Scammers use email or text messages to trick you. Phishing emails or texts may look like they’re from someone you know or trust. They'll try to steal your personal information, try to make you believe they need help, or even try to trick you into buying gift cards and then sending them images of the cards. Always double check the email address or phone number, and if you're not sure, reach out to the person you think it is by a different means. Red flags are if they ask you to keep it private/secret, to respond only to their email/text, or if they try to convince you you're getting money back (or a gift card). If you think you've been scammed, visit IdentityTheft.gov, ftc.gov/complaint; and forward emails to firstname.lastname@example.org, and texts to SPAM (7726).
Public Sunday Liturgy will resume the weekend of the Feast of the Ascension of the Lord, May 23-24, 2020, and we will begin celebrating Public Daily Mass on Tuesday, May 19, 2020. Please view the guidelines for attending Mass.
"HE ASCENDED INTO HEAVEN AND IS SEATED AT THE RIGHT HAND OF THE FATHER" 665 Christ's Ascension marks the definitive entrance of Jesus' humanity into God's heavenly domain, whence he will come again (cf. Acts 1:11); this humanity in the meantime hides him from the eyes of men (cf. Col 3:3).
This Sunday, we will have arrived at the 101st anniversary of the Fatima apparitions. Devotion to Fatima surely grew during the 100th anniversary last year. When I made my way through some of the latest books about Fatima, something struck me about Our Lady’s message in Fatima. When Our Lady appeared monthly from May to October 1917 she consistently made promises to the three shepherd children, Jacinta, Francisco, and Lucia. As Mary spoke those words to the children, she revealed not only to them, but to all of us that she is a woman of her word. In Fatima, Mary not only revealed herself as the Queen of the Rosary but also as the Woman of the Promise, a title not confined to the apparition alone but also to Mary’s very identity.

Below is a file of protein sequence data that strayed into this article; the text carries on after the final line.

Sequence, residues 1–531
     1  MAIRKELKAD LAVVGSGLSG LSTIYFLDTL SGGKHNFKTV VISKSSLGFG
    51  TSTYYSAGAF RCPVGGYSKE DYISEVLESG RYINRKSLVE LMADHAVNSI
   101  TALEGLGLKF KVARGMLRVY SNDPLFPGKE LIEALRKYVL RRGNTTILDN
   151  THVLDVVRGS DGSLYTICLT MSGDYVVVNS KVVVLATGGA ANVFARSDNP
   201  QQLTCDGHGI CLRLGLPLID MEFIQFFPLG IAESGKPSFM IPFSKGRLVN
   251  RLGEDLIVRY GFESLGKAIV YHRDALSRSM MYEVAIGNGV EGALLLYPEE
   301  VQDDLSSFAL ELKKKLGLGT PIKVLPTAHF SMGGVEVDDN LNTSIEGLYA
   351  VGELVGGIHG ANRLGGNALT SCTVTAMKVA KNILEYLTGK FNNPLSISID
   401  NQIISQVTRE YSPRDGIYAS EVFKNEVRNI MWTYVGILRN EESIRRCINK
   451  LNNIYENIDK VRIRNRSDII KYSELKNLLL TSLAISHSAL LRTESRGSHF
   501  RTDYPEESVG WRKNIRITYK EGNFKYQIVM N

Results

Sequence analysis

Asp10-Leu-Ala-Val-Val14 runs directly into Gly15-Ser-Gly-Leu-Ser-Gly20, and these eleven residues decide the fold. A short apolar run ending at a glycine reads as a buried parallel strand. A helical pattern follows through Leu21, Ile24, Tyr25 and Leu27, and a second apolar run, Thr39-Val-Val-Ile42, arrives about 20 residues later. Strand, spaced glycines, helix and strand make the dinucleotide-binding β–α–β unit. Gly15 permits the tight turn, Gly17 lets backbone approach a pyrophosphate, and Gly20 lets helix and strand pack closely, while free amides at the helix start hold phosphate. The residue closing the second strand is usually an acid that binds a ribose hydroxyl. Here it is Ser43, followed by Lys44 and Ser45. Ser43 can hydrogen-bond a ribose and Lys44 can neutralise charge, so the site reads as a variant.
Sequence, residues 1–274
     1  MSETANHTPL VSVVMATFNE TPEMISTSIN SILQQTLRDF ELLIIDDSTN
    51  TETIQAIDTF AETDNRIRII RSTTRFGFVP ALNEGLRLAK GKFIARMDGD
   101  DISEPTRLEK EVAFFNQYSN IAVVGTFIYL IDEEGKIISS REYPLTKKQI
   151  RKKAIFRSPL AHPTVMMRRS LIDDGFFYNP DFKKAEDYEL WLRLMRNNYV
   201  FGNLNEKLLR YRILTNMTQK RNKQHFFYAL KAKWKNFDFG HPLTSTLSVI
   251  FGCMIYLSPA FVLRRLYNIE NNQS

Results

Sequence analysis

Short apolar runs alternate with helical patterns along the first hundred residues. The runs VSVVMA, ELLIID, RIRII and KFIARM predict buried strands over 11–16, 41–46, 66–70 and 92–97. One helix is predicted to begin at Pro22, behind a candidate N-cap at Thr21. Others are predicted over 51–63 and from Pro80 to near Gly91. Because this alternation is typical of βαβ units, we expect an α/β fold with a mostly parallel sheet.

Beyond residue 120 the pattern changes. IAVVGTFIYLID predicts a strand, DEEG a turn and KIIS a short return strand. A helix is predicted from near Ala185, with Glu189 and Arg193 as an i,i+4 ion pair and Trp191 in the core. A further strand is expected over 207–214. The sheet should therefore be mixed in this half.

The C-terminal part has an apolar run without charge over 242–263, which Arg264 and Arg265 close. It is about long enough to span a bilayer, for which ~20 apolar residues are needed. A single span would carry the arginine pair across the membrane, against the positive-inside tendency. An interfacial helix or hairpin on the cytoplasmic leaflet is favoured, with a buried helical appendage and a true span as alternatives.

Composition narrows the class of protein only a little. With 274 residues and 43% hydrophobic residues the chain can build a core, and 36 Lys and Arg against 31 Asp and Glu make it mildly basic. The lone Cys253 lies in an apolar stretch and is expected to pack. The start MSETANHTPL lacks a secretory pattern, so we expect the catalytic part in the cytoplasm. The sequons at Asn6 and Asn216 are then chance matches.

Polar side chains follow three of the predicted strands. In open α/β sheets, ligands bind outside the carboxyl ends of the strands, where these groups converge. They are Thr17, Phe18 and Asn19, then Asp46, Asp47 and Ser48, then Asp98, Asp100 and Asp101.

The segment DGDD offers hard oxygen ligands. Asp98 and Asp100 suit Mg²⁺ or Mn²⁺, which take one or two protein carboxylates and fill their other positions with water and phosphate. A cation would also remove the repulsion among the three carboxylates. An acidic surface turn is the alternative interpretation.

It is very important to me that the next Synod of Bishops, which relates to “Young people, faith and vocational discernment”, is prepared by truly listening to the young. And I can testify that this is being done. You also demonstrate this to me, with the work that is going on in your diocese. And when I say “truly listening” I also mean the willingness to change something, to walk together, to share dreams, as that young man said. But I want to ask you a question, too. You rightly ask yourself if we bishops are willing to really listen to you and change something in the Church. And I ask you: are you willing to listen to Jesus and change something about yourself? If you are here, I think it is so, but I can not and I do not want to take it for granted. Each of you, reflect on this within yourself, in your heart: Am I willing to make Jesus’ dreams my own? Or am I afraid that His dreams can “disturb” my dreams?